Trucking groups find solidarity on higher truck weight

Updated Oct 20, 2011

Over the last several days, two leading trucking groups have compromised on their previously differing policies on truck weight to establish that the trucking industry is unified on the need to improve truck productivity.

The American Trucking Associations board of directors Oct. 18 voted to expand ATA’s policy on truck productivity to endorse as an option for an 88,000-pound five-axle combination with enhanced braking capability. ATA’s policy since 2006 has been to support 97,000-pound six-axle combinations, and the association also favors harmonization of regulations governing longer-combination vehicles.

In a directly related action, the Truckload Carriers Association’s board approved a two-tiered truck productivity policy that supports 88,000 pounds on five axles as well as 97,000 pounds on six axles.

“The trucking industry, like any family, sometimes takes awhile to reach a consensus, but we’re happy that we have been able to bring our respective policies on truck productivity in line,” said ATA President Bill Graves. “It is critical that we petition our elected leaders with one voice, and this brings us closer to our industry unity.”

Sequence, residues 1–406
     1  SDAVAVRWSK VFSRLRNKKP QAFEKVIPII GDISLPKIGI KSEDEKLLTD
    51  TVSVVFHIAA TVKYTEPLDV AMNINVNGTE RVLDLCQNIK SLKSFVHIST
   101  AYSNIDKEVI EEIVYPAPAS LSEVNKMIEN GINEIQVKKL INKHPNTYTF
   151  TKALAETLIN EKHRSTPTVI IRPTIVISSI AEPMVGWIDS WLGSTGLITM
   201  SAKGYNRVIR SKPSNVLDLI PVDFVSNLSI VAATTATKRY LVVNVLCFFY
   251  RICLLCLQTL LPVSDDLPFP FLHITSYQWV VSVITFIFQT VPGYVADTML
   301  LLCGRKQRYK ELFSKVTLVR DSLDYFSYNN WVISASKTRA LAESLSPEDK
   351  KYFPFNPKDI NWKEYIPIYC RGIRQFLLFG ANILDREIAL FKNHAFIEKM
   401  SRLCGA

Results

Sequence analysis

“Considering all of the challenges we face as an industry, it should always be our priority to find common ground on as many issues as possible,” said TCA President Chris Burruss.

Studies have shown that more productive trucks are safer, more efficient and “greener” than conventional combinations without causing more wear and tear on roads, said new ATA Chairman Dan England. “Now that we and TCA have come together on this issue, we’re in a better position to continue to make that case to policymakers.”

“Given the advances in brake technology, an 88,000-pound five-axle truck using enhanced brakes will meet federal rules limiting commercial vehicle stopping distance,” said TCA Chairman Gary Salisbury.

The push for greater truck productivity has received more attention within the industry in recent years as a way to deal with several longstanding challenges including driver availability and congestion. A more recent concern that even more directly relates to truck weight is that trucks are getting heavier due to the addition of anti-emissions equipment.

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